It's been six months since a bomb planted at the Manchester Arena during an Ariana Grande concert killed 22 innocent people and injured over 500 more, many of them children. And costs are starting to mount for the city, with £9m ($12m) spent by Greater Manchester Police in the investigation and response, and a further £8m ($10.6m) being spent by the local government on supporting victims in areas such as health and counselling.
Despite promises to help cover the costs by the British government, Manchester Evening News revealed earlier this month that no extra money had materialized, and that so far, the local government had footed the bill.
The revelation forced British Prime Minister Theresa May to pledge that the government would cover "the majority" of costs last week, setting November 24th as a deadline to reimburse the city.
Today is the deadline the govt set itself to reimburse Manchester the £17m spent in response to May’s terror attack. Theresa May told @LucyMPowell last week that an announcement would be made by the end of this week & “the majority of the funds” would be made available.— Daniel Hewitt (@DanielHewittITV) November 24, 2017
But according to ITV News journalist Daniel Hewitt, the government have said they will now only pay "reasonable" costs.
NEW: I’m told the Prime Minister has written to Mayor Andy Burnham to say govt will only pay “reasonable” costs spent by Manchester in response to May’s terror attack, NOT the full £17m.— Daniel Hewitt (@DanielHewittITV) November 24, 2017
The British government has now said it will only pay £12m ($16m) of the £17m ($22.6) that Manchester's mayor, Andy Burnham, had requested. Estimates suggest that Manchester's bill will end up totaling around £28m ($37.3m) when it factors in the cost of inquests and long-term care.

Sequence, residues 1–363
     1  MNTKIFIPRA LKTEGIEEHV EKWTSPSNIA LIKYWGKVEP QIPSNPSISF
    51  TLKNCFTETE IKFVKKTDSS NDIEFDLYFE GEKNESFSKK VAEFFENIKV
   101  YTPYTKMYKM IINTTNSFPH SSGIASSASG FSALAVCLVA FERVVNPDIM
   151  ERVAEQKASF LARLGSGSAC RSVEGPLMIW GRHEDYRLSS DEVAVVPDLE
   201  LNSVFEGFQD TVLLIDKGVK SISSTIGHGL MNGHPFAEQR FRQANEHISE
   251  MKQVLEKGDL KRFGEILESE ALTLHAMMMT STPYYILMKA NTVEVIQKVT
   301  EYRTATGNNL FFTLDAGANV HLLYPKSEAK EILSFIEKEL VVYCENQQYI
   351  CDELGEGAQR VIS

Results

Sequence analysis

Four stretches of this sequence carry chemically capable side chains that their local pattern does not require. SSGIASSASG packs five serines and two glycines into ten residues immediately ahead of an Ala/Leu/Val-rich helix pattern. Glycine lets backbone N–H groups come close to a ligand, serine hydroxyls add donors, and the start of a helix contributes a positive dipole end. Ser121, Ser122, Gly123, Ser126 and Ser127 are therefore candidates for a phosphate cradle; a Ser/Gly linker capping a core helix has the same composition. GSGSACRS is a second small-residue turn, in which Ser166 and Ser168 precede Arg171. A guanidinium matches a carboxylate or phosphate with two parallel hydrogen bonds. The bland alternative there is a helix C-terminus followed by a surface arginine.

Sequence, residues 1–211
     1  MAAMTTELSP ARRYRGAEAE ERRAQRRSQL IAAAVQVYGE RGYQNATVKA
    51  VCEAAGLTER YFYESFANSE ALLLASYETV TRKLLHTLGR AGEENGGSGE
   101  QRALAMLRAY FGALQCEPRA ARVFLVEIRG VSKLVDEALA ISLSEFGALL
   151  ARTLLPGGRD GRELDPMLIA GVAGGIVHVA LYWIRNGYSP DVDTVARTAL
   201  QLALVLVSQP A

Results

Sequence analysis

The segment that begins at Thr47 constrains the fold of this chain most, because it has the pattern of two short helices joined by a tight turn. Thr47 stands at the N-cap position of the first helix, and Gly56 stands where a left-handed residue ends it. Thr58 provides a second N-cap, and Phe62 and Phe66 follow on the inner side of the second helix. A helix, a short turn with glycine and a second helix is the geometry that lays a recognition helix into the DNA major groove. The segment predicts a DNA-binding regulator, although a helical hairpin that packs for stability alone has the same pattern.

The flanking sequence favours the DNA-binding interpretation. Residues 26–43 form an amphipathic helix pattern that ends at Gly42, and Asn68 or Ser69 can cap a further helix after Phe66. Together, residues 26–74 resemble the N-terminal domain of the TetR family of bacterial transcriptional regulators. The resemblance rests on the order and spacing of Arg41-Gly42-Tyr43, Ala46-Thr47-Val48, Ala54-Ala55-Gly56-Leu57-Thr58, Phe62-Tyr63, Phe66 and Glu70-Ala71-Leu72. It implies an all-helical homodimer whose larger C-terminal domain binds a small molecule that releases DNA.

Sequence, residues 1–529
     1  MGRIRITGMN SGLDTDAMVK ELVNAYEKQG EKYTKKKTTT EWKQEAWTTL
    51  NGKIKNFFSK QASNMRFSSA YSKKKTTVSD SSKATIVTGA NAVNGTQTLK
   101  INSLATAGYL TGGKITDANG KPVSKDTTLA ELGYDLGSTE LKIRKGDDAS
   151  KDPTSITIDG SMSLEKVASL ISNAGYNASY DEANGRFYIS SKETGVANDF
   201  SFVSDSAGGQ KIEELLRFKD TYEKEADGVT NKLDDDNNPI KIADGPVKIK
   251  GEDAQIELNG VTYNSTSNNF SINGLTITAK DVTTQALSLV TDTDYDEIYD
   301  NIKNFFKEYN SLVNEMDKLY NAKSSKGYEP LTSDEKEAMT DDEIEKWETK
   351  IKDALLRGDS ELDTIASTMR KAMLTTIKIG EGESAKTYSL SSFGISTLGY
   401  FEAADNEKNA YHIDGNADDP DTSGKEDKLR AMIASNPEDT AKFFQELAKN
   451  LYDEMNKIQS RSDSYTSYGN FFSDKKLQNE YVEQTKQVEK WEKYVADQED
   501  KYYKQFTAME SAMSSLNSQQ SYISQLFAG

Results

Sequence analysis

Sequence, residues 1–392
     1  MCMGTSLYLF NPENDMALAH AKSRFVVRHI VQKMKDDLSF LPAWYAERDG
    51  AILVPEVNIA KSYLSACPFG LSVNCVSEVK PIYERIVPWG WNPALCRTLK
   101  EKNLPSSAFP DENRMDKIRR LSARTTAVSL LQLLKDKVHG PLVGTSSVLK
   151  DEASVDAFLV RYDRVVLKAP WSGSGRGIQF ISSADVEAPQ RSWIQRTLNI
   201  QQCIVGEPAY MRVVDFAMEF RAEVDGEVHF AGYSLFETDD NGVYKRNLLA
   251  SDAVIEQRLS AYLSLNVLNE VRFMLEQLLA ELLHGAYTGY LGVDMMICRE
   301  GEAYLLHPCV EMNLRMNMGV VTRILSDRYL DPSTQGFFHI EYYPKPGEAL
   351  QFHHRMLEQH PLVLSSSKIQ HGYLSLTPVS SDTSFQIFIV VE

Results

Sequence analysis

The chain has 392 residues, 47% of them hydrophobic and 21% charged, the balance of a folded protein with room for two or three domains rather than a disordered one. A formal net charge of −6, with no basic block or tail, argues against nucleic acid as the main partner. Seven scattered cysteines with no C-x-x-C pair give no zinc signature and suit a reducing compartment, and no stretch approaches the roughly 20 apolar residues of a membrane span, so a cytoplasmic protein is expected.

Also, I’m told the total cost Greater Manchester estimates it will eventually incur will be around £28m, when it factors in cost of inquests and the Kerslake inquiry.— Daniel Hewitt (@DanielHewittITV) November 24, 2017
As a result, Mayor Burnham has warned that other services in the city may face cuts to help make up for the shortfall:
"We submitted this some time ago. I think we are entitled to a better response than this."
"We feel we've waited long enough and we need to see it resolved, and resolved quickly. Not just reasonable costs, but all costs that were incurred should be reimbursed."
"We haven’t been trying it on, we’ve put together the evidence to back up our claim. Look at the books, this is what we’ve spent."
"If we don’t get it back we have to start cutting public services & that can’t be right. We shouldn’t have to plead for this money.”
In a statement, a government spokesperson stressed that the process of approving money is still ongoing:
"We are absolutely committed to ensuring the victims of this terrible attack and Greater Manchester have all possible support."
“We have given strong assurance Manchester will receive £12m. That includes £3m being paid now and a further £1m being made available to support the We Love Manchester Emergency Fund."
“This is an ongoing process and the Government stands by its commitment to provide all necessary further assistance.”
Social media users reacted angrily online.
One user referenced the prime minister's £1 billion deal ($1.3b) with the Democratic Unionist Party (DUP) of Northern Ireland to prop up her minority government after May's party, the Conservatives, lost 13 seats, and their majority, in the House of Commons following the 2017 general election.
The deal will see the extra money spent in Northern Ireland in return for the DUP's support in the House of Commons. May's government may have been unable to get enough votes to pass laws without their support.